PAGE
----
10 Ways to Get Fit in Your Local Parks and Rec

Image of a child on a swing.

Guest Post by Allison Colman, Program Manager, National Recreation and Park Association

The end of summer is fast approaching, which means that the new school year is just around the corner. Many families are looking for ways to stay healthy and active – and keep summer alive. Before the kids hit the books, why not fit in some late summer family fun, while at the same time finding a few quick ways to burn off energy.

This would also be the perfect time to work towards your fitness goals! Did you know getting at least 150 minutes of physical activity per week can lead to improved fitness, strength and mental health, not to mention improved academic performance for the kiddos?

You may be wondering how to achieve these family goals while still having fun (and not breaking your budget). While the popular Adele parody video will tell you to cut the donuts and mac and cheese, say goodbye to bagel bites, and suffer through painful lunges and dreaded push-ups, the National Recreation and Park Association (NRPA) has come up with a better solution to help you and your family burn off that end-of-summer steam. Use your parks and rec to get the whole family moving now and during the school year!

Here are our top 10 ways to get fit in your local parks and rec:

  1. Take advantage of fitness classes. Group fitness is a great way to get a safe and effective workout. Added bonus? It’s a social experience keeping you accountable and less likely to drop out of a program! Park and recreation agencies offer a wide variety of fitness classes for every age group and fitness level. In addition, many agencies offer classes outdoors at local parks (sometimes for FREE). Check out a neighborhood Zumba class, stretch and connect with nature at a yoga or tai chi session, or try a high-intensity boot camp with friends. Check with your local park and rec agency to determine class offerings, schedules, location and pricing.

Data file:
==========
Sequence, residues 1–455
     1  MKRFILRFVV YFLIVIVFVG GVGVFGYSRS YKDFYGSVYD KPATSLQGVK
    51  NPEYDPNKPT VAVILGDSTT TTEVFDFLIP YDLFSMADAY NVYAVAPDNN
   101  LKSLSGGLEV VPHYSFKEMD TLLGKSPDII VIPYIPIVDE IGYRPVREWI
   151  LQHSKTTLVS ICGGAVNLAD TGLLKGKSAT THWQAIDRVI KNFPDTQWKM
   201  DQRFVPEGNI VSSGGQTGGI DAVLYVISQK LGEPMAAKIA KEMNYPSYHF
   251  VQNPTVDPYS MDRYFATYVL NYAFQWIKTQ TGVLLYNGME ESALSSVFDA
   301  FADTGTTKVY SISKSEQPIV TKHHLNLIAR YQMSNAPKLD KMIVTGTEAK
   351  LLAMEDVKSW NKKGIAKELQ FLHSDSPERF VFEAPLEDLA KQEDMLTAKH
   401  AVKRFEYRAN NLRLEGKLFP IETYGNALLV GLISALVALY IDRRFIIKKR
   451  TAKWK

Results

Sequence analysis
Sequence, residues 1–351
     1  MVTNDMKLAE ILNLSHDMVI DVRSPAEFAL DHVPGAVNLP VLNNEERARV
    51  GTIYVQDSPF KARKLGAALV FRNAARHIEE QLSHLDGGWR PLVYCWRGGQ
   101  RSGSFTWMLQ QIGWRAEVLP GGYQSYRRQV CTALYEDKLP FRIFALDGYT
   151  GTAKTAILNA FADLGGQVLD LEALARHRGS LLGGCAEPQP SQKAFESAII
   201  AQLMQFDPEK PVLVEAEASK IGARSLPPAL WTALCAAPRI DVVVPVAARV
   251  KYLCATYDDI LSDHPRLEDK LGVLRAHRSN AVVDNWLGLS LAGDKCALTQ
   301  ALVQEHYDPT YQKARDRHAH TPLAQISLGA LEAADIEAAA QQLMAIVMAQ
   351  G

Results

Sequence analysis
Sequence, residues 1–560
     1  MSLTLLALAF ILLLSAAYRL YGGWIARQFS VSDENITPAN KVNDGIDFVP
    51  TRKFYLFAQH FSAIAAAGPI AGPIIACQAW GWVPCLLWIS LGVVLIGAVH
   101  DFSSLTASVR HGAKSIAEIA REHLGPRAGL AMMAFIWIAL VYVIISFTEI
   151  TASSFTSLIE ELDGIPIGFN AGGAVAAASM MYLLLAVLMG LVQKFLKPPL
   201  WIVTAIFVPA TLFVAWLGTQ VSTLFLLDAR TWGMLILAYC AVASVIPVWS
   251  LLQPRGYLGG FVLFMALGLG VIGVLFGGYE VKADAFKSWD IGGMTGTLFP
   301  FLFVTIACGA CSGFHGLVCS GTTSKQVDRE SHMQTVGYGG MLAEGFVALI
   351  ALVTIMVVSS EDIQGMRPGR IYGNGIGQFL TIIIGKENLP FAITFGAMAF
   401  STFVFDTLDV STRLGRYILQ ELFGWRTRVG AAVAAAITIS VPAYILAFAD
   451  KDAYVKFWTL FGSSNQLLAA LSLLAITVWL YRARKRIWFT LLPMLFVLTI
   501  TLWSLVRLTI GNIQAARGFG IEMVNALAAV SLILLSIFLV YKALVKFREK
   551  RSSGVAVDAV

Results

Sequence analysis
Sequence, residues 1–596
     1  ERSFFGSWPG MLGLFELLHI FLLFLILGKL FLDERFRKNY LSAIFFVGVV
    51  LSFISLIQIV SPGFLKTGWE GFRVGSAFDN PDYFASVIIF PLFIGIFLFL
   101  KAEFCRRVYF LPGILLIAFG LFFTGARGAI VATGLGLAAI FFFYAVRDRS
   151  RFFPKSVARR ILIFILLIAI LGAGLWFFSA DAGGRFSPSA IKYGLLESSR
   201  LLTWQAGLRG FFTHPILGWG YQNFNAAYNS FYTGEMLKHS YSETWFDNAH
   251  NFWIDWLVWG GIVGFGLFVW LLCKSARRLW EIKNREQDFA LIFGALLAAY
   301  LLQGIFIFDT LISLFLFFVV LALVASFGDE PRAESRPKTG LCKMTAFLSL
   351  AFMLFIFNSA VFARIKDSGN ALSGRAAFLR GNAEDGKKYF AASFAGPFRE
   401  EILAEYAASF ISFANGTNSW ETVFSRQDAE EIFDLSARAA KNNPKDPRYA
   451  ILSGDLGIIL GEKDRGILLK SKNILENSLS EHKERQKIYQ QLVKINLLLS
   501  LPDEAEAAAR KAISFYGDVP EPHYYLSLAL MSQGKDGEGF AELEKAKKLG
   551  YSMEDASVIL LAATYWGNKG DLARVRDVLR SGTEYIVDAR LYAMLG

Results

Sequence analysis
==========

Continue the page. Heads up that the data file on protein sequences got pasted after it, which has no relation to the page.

2. Hit the courts or take the field. Still reminiscing about winning that championship game in the good ole’ days? Make some new memories this year! Join an adult recreational league through your local park and rec agency and compete for the next trophy on your shelf. Adult sports leagues are a great way to meet new friends and ignite your competitive side. Leagues can be found for almost any team or individual sport including tennis, basketball, softball, kickball, pickleball, volleyball, flag football, soccer and more! Don’t forget to check out youth leagues for the kids as well!

  3. Test the waters. Check with your local agency to determine if any of their recreation centers have aquatics facilities. Exercising in the water can be a great way to get in a low-impact workout, eliminating the high impact stress that is placed on muscles and joints and reducing the risk of injury. It’s also perfect for anyone recovering from an injury or trying to regain strength in a specific muscle group. Try a water aerobics or aqua-training class, join a recreational swim team (for adults too!), or bring the kids to splash around with you.

  4. Challenge yourself to an indoor triathlon. Fall is the perfect time to expand your exercise routine! Some recreation centers already offer indoor triathlon competitions or training programs, but if yours doesn’t there is an easy way to organize your own. Challenge yourself to complete an indoor ironman over the course of 1 month at your local rec center. To complete the month-long ironman you’ll need to record 2.4 miles swimming, 112 miles biking, and 26.2 miles running or walking. Who knows, at the end of the month you might just be inspired to sign up for a triathlon in your community!